The Barbican MuraI. This is Robert's most well-known mural, but sadly, is now considerably faded and possibly beyond repair.
This early photograph shows the huge scale of the mural - at least twice life-size!
The Barbican Mural in 2010 - now fading with its paint peeling off and covered with wooden batons.
The Last Judgement mural, shown here in its prime, has now been removed due to deterioration. It was an impressive three-storey-high mural with a circular stained-glass window set into the upper part of the mural, situated on Plymouth's historic Barbican area (above). The mural was painted on to eight separate sheets of fibreglass bonded marine plywood using Tekaloid paint, allowing it to last far longer than the nearby Elizabethan mural, which was painted directly on to the wall. When this mural was unveiled its scenes of nudity caused some people to object to it, due to its collection of 88 naked bodies featuring various Plymouth faces from a local doctor to restaurant owners and shopkeepers. At the time, politicians, the police and even the Director of Public Prosecutions were unsuccessfully called on by angry protesters to censor the nudes. Robert thought that the controversy was amusing.
Over time, the mural survived the initial attemps by objectors to have it censored or removed. Ironically, it was British coastal weather that has now forced it to be removed. Due to its deteriorating condition, the proprietor of 'The House That Jack Built' (the premises upon which the mural sits) was under pressure to have it taken down after a piece of its wooden frame became lose and fell off. With the mural fading and the structure in need of repair, no type of on-site restoration plan was forthcoming, so it was taken down and stored.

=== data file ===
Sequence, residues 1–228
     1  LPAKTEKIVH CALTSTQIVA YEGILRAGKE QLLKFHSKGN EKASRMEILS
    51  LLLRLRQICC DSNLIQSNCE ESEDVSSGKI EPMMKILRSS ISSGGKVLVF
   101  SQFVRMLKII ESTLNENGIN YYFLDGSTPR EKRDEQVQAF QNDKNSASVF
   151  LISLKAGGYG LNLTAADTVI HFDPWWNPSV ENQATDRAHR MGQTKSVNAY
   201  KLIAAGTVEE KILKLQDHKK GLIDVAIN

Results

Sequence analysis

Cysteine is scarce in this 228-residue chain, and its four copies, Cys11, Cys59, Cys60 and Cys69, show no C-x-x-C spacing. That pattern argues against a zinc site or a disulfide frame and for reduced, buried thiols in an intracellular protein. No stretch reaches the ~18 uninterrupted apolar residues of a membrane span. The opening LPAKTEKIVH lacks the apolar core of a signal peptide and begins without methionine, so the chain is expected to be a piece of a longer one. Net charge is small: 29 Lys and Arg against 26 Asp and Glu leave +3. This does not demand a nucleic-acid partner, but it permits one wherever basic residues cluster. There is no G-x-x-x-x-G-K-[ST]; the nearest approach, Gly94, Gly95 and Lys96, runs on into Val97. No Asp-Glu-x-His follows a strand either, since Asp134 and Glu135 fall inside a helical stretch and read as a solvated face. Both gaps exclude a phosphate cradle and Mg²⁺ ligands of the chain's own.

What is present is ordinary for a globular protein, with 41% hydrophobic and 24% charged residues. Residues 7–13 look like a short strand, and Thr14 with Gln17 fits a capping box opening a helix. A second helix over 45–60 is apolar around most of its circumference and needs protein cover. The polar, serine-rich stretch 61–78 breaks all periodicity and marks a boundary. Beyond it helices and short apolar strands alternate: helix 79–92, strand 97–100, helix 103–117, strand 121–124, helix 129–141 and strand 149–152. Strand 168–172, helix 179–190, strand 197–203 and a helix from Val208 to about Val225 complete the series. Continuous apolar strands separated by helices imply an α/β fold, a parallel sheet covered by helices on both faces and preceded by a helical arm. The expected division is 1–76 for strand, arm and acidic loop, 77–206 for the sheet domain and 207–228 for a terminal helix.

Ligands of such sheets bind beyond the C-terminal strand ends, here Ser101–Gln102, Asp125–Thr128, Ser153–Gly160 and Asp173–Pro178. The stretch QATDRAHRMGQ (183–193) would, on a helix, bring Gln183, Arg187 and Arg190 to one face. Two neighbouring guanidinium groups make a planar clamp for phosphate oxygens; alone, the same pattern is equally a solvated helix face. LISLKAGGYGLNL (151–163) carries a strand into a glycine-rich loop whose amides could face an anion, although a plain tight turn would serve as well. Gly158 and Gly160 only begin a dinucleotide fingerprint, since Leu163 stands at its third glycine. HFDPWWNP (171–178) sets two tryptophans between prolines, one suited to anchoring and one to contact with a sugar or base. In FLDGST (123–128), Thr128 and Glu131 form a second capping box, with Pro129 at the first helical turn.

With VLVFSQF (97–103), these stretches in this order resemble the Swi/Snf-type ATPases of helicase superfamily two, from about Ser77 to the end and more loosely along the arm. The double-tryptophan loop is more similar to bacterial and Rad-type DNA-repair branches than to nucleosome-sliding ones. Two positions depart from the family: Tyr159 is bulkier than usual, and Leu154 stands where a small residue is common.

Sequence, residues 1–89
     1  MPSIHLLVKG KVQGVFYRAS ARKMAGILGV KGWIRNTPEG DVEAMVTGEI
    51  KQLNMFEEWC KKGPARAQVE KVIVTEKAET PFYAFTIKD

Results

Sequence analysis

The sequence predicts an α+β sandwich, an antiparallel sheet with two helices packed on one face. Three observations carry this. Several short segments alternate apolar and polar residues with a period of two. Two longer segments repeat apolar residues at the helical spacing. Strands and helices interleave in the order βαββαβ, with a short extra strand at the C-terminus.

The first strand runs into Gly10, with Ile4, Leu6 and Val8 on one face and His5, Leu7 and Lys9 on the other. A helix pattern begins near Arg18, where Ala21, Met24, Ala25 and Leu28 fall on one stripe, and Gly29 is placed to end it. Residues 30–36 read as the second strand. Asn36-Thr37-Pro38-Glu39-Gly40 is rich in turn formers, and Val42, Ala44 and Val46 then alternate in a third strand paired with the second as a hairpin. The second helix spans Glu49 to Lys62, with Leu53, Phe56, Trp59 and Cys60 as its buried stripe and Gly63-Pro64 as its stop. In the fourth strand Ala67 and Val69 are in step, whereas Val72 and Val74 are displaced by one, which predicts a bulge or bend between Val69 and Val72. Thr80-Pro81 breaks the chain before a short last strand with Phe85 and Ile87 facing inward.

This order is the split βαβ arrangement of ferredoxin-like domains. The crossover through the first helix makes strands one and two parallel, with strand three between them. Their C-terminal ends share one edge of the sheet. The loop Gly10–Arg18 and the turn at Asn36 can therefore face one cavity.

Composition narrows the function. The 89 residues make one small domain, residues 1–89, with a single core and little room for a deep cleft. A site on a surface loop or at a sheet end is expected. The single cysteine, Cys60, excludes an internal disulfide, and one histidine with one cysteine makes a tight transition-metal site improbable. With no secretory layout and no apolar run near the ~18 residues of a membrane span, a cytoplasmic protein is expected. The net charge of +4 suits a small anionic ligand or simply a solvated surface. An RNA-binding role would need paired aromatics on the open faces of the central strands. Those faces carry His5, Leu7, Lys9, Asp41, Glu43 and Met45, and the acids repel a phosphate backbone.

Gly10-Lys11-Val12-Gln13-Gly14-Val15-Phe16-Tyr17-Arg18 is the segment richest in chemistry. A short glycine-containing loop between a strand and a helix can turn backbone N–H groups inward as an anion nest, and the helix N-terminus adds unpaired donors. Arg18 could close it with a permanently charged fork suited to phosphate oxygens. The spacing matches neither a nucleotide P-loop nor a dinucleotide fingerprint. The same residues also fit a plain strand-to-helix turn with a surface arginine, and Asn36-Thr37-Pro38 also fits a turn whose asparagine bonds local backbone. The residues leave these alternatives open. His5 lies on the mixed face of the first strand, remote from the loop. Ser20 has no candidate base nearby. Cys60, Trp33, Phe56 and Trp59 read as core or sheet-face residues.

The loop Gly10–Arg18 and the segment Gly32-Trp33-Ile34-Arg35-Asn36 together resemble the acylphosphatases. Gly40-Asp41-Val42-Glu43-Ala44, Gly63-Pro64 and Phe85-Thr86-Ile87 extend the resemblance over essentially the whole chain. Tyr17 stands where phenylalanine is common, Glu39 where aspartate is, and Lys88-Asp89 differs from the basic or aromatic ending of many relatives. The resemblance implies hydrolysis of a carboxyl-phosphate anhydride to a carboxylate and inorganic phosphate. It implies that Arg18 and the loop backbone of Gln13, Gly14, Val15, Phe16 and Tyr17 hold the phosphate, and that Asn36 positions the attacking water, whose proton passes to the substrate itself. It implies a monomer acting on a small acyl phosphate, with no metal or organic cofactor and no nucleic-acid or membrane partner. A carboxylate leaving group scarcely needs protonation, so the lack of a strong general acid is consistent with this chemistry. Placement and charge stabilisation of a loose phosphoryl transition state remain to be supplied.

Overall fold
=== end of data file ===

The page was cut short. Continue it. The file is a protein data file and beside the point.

A detail of the circular stained-glass window's design for the window that was set into the top part of The Last Judgement mural:
Commissioned in 1977 this oil on canvas painting measures approx. 2.5m x 5.0m. The painting features ROL and a group of vagrants placed as isolated and dispossessed in a scene of civic celebration. Titled ' A Tribute to Plymouth's Architects and Architecture' it shows prominent landmarks such as Smeatons Tower / the Civic Centre / the statue of Sir Francis Drake and the statue of virgin and child. The persons featured are - (left) - Isambard Kingdon Brunel / John Foulston / Sir Patrick Abercrombie / J.Paton Watson - (right) - R.O. Lenkiewicz / Wee Jock / Diogenes / Dave Helingoe / Eugene / Bill / Cockney Jim /The Bishop / Myriam and an anonymous sleeping/weeping child. The painting hung for many years in the basement of Plymouth Guildhall, but is now stored elsewhere, and may be included in upcoming exhibitions of Lenkiewicz's art.
A detail of the Guildhall mural.